Motorcycle gloves must be one of the most difficult pieces of kit to make waterproof. They are gloves, much like any other, but they need to keep a rider’s hands warm, comfortable, and protected. Modern motorcycle gloves contain special protection over the knuckles, finger joints and the scaphoid and wrist area amongst others. At the same time the glove needs to move about easily for throttle control, clutch and front brake control. Perhaps the most important thing is that it needs to stay on if you slide along the road. All in all then, they contain a lot of different stitches, materials and patterns, and they all face the elements like no other bit of kit you wear.
A while back I faced a problem with a pair of gloves that I bought before Christmas, specifically for riding in the cold and wet Irish winter. They were keeping my hands dry, but not keeping them as warm as they could have been. The reason? The outer fabrics, including the leather, had become waterlogged as I rode through a storm strong enough to close off some of the country’s airports. This had ensured that my hands were covered in a water jacket with the Hipora waterproof inner skin doing an admirable job of stopping it from physically reaching my skin.
So here we have a glove which is loaded with protection, as I described earlier, but which is, after a couple of hours on the road, preventing me from feeling anything through the handlebars. Believe me, as you approach a roundabout on a windy and wet day and you eye up diesel patches on the approach you really do need to feel what the front brake is doing as you apply the lever! No, my VFR has no ABS system! In preventing me from feeling much through the handlebars due to the cold micro-environment created by the waterlogging, this glove, one of the safest you can buy, was becoming a liability. This is where Nikwax Glove Proof enters the equation. “At last” I hear you think…
The idea behind Nikwax Glove Proof seems rather simple, but because it is applied to gloves there was always going to be an added complication. The gloves need to remain grippy to ensure proper control of the throttle, brakes, clutch and steering, so a traditional approach to waterproofing leather would not really be acceptable. Not unless you enjoyed applying a death-grip to the throttle every time you tried to accelerate away from the lights! Applying the solution to the gloves was pretty easy and allowed me time to ponder over whether to believe the packaging and its claim that the gloves would not become slippery due to the Glove Proof. The sponge applicator makes the job very easy and the solution itself is quite liquid, which is a good thing because of the range of seams and stitches that need to be covered but which the sponge applicator will not necessarily manage to reach to. Maybe it’s just me but there is a certain satisfaction to seeing the solution flow into each crevice, because you just know it’s going to work its way in and do the job it was meant to. The only issue was that the gloves were now noticeably shinier; it was as if they had been restored to new, but such a gloss set off alarm bells about how grippy, or not, the gloves would be.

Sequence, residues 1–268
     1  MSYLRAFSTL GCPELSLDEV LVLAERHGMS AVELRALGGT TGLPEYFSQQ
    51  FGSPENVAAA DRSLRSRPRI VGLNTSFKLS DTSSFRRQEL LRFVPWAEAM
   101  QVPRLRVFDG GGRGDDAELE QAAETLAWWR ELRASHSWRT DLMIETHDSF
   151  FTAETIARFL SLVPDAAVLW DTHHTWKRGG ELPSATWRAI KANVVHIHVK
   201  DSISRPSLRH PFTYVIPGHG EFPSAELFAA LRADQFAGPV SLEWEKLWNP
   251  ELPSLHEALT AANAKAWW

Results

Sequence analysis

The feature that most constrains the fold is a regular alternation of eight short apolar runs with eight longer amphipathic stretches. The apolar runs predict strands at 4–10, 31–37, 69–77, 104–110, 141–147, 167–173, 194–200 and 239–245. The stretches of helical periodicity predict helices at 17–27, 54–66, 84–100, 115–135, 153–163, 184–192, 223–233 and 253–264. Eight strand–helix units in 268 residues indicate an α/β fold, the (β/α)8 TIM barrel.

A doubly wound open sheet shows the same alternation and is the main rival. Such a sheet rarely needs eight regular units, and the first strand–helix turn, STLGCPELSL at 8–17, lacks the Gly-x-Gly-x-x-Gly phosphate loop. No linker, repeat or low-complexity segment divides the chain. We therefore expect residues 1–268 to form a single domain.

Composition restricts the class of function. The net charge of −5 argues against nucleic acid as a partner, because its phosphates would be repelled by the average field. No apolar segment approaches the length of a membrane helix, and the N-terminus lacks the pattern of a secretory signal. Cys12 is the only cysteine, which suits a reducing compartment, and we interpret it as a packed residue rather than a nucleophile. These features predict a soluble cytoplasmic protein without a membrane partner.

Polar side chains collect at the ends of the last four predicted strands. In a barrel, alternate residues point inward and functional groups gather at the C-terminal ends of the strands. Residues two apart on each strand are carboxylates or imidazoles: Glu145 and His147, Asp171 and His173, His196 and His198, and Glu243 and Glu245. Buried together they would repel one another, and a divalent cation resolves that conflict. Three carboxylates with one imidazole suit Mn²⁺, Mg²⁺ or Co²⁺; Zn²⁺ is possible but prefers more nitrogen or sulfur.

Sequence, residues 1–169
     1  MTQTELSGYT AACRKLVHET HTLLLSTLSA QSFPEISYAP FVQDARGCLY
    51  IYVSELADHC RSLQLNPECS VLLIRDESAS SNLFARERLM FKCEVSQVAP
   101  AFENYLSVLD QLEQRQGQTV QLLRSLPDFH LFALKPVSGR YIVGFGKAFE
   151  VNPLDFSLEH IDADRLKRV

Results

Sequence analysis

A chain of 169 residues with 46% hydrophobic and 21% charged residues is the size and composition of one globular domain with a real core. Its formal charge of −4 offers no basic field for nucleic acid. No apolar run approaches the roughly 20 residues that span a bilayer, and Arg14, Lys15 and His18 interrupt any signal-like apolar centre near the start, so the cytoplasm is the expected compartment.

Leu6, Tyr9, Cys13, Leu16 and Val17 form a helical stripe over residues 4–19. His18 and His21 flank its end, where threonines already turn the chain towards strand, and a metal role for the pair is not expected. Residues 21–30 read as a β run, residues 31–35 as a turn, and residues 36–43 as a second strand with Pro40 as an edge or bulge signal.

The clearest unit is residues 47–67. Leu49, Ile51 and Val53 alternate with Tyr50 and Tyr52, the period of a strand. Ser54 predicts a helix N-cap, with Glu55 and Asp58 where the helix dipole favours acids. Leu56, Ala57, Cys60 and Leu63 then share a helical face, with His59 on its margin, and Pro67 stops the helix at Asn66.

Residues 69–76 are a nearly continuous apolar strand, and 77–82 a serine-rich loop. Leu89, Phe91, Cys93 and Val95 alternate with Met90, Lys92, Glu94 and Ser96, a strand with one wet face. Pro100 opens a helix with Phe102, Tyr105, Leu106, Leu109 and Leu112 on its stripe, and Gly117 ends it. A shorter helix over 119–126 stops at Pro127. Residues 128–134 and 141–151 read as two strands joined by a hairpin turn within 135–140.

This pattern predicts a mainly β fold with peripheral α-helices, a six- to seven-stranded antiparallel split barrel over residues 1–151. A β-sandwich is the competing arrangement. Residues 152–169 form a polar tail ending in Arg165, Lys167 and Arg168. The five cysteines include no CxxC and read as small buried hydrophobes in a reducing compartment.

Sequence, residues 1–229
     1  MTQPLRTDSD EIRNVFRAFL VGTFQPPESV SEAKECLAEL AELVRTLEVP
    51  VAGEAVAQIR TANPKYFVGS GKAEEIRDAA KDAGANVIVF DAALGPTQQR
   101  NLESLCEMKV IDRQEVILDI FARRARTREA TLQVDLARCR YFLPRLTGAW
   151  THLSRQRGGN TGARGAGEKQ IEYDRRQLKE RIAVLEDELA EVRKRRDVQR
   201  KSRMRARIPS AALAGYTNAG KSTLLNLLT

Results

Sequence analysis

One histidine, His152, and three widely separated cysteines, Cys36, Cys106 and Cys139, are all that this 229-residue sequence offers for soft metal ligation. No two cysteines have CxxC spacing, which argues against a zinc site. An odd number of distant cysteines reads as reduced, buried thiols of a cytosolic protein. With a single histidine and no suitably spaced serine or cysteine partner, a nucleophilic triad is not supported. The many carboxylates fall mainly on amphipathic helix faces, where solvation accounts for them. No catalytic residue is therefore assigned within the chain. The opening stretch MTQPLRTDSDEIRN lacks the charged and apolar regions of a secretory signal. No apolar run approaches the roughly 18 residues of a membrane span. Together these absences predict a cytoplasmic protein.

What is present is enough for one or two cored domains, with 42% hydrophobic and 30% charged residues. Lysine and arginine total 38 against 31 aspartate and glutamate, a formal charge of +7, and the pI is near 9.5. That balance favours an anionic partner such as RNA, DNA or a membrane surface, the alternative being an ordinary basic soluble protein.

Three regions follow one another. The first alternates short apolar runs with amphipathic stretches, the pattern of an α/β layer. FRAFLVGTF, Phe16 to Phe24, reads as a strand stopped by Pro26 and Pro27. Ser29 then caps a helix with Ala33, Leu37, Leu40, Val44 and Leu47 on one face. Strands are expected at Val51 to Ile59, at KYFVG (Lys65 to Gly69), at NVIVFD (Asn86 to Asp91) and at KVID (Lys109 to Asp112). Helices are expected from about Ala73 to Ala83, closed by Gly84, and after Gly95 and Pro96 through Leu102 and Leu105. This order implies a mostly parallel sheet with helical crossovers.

I have to admit, I was surprised in the best possible way, but then I really did want the stuff to work. Climbing aboard my VFR for the morning commute I did notice that my gloves felt a little slippy, almost like they had been when they were brand new, but after about five minutes that was gone and they felt as they had always done. On the same day there was a light rain shower and I took particular notice of how the water reacted with my gloves. Before applying the Glove Proof, in such a light shower, the gloves would have kept my hands dry but would have soaked in a certain amount of water to do that. With the Glove Proof applied, the water simply beaded up and ran off the glove. It was like a freshly waxed car, or a jacket treated with Nikwax TX Direct come to think of it…now there is a thought!
Although I have not had the chance, nor the weather, to test Glove Proof in a complete downpour, the initial signs are good and I am convinced that this is not a product of mere comfort but a product of safety. Warm and dry hands make for controlled riding which makes for safe riding. Stay tuned for any updates…apparently the relatively good weather is supposed to go away soon so I’ll be back to watching water bead up on my revitalised gloves!